Scots firms fear falling behind in tech investment

Photo: Andrew Stuart/BIZ: BUDGET'Chief Finacial Officer George Elliott of Wolfson Microelectronics seen here in the company's engineering department on Bernard Terrace, Edinburgh; April 7, 2003. Wolfson make audio micro-chip for instance their WM8721 chip for the Apple iPod MP3 player and other luxury goods.

Photo: Andrew Stuart/BIZ: BUDGET'Chief Finacial Officer George Elliott of Wolfson Microelectronics seen here in the company's engineering department on Bernard Terrace, Edinburgh; April 7, 2003. Wolfson make audio micro-chip for instance their WM8721 chip for the Apple iPod MP3 player and other luxury goods.

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A quarter of Scottish small firms fear they are falling behind competitors in investing in technology, according to new research.

Small businesses north of the border are spending less on new technology compared with the UK as a whole, a survey by the Federation of Small Businesses (FSB) found.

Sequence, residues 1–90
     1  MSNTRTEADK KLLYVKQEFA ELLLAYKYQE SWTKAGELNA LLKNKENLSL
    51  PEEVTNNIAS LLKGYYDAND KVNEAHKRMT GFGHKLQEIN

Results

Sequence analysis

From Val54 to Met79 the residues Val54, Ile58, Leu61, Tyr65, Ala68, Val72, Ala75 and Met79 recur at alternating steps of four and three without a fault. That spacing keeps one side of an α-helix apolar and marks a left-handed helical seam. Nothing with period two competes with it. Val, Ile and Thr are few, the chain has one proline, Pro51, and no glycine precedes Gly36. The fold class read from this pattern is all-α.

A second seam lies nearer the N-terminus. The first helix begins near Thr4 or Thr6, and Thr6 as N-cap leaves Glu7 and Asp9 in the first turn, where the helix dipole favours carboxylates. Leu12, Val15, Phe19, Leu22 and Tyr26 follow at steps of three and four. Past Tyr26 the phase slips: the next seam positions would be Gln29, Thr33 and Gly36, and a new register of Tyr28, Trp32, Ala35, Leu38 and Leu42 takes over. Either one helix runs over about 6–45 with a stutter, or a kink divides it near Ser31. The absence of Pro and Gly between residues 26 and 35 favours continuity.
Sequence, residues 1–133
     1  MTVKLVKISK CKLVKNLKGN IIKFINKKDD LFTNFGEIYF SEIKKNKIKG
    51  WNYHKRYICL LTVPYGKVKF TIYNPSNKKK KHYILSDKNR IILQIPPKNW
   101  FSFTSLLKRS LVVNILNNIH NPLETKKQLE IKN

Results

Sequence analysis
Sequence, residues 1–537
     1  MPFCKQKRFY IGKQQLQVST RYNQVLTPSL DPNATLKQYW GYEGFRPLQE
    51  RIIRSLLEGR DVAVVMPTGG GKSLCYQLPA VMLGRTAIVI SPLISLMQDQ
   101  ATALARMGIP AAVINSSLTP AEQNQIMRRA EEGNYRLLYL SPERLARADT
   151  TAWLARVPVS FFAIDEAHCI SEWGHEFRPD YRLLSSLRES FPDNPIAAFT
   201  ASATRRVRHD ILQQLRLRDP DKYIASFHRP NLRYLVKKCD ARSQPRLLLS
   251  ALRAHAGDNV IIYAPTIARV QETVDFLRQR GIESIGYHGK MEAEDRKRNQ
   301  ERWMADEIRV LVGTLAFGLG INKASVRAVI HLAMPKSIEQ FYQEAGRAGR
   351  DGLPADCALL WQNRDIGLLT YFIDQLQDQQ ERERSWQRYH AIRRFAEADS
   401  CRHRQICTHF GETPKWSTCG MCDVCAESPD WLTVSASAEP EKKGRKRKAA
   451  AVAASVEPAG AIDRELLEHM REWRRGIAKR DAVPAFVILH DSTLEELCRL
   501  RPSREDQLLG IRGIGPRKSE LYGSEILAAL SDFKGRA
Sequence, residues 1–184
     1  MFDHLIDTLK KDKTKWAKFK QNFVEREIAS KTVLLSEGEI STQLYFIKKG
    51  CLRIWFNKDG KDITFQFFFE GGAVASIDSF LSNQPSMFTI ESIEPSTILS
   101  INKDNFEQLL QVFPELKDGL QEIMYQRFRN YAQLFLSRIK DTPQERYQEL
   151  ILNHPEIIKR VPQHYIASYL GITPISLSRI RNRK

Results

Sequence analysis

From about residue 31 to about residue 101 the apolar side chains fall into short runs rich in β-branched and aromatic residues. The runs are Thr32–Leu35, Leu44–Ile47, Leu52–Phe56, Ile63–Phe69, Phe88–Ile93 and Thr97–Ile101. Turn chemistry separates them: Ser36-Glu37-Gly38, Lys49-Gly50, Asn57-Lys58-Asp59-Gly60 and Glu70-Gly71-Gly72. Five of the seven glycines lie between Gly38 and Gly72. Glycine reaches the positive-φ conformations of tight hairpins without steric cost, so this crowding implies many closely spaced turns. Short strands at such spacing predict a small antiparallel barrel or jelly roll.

Small firms in Scotland invested an average of £2,650 in new technology in the last year, compared with a UK-wide figure of £3,500.

That is despite four in five Scottish small businesses believing that they can grow by developing such technologies, the FSB said.

Improvements

Around half of the Scottish respondents to the survey said they would invest more if their area had better local digital infrastructure.

The FSB in Scotland said the research reinforced the case for the Scottish Government and agencies to deliver universal next-generation broadband access, as well as improved mobile coverage and 4G services.

Andy Willox, the FSB’s Scottish policy convenor, said: “No longer is information technology the preserve of specialist businesses operating from shiny offices in media villages.

“Firms recognise that technology can give them an edge but, worryingly, Scottish firms seem less keen to invest than their counterparts elsewhere in the UK.

“Better infrastructure, they say, would encourage them to invest and we look forward to the promise of improvements in this area becoming a reality.

“Scottish business owners, too, must regularly ensure they’re taking advantage of the opportunities which new technology presents.”

The FSB said it had received 2,200 responses across the UK and 230 from Scotland after polling its members in January.

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